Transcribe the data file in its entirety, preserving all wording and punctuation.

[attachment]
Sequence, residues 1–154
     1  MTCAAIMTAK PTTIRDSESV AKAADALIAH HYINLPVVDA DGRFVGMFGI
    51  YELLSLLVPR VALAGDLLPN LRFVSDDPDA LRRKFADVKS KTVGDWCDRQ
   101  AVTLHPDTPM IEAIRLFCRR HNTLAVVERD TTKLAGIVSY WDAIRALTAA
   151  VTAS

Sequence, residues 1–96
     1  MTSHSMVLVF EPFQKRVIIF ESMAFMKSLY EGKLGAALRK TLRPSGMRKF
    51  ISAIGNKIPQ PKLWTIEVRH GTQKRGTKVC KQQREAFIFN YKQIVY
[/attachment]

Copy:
Sequence, residues 1–154
     1  MTCAAIMTAK PTTIRDSESV AKAADALIAH HYINLPVVDA DGRFVGMFGI
    51  YELLSLLVPR VALAGDLLPN LRFVSDDPDA LRRKFADVKS KTVGDWCDRQ
   101  AVTLHPDTPM IEAIRLFCRR HNTLAVVERD TTKLAGIVSY WDAIRALTAA
   151  VTAS

Sequence, residues 1–96
     1  MTSHSMVLVF EPFQKRVIIF ESMAFMKSLY EGKLGAALRK TLRPSGMRKF
    51  ISAIGNKIPQ PKLWTIEVRH GTQKRGTKVC KQQREAFIFN YKQIVY